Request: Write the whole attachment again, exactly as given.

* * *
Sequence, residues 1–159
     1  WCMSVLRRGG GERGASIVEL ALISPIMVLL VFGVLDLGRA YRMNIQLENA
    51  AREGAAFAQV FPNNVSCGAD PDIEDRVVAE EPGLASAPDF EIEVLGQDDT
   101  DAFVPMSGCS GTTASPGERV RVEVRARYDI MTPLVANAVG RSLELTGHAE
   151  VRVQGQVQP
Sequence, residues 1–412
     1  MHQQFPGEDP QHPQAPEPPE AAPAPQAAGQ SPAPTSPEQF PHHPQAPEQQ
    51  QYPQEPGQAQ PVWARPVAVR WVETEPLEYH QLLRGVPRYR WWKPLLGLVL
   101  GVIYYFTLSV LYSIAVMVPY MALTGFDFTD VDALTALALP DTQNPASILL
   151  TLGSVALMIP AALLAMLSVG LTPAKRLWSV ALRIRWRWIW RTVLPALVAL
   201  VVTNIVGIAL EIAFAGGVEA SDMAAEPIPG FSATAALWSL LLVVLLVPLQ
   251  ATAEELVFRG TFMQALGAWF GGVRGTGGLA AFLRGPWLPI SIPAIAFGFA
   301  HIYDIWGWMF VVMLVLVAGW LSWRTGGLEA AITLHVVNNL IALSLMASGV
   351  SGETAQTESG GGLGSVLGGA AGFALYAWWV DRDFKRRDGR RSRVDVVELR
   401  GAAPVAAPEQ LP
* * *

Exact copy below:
Sequence, residues 1–159
     1  WCMSVLRRGG GERGASIVEL ALISPIMVLL VFGVLDLGRA YRMNIQLENA
    51  AREGAAFAQV FPNNVSCGAD PDIEDRVVAE EPGLASAPDF EIEVLGQDDT
   101  DAFVPMSGCS GTTASPGERV RVEVRARYDI MTPLVANAVG RSLELTGHAE
   151  VRVQGQVQP
Sequence, residues 1–412
     1  MHQQFPGEDP QHPQAPEPPE AAPAPQAAGQ SPAPTSPEQF PHHPQAPEQQ
    51  QYPQEPGQAQ PVWARPVAVR WVETEPLEYH QLLRGVPRYR WWKPLLGLVL
   101  GVIYYFTLSV LYSIAVMVPY MALTGFDFTD VDALTALALP DTQNPASILL
   151  TLGSVALMIP AALLAMLSVG LTPAKRLWSV ALRIRWRWIW RTVLPALVAL
   201  VVTNIVGIAL EIAFAGGVEA SDMAAEPIPG FSATAALWSL LLVVLLVPLQ
   251  ATAEELVFRG TFMQALGAWF GGVRGTGGLA AFLRGPWLPI SIPAIAFGFA
   301  HIYDIWGWMF VVMLVLVAGW LSWRTGGLEA AITLHVVNNL IALSLMASGV
   351  SGETAQTESG GGLGSVLGGA AGFALYAWWV DRDFKRRDGR RSRVDVVELR
   401  GAAPVAAPEQ LP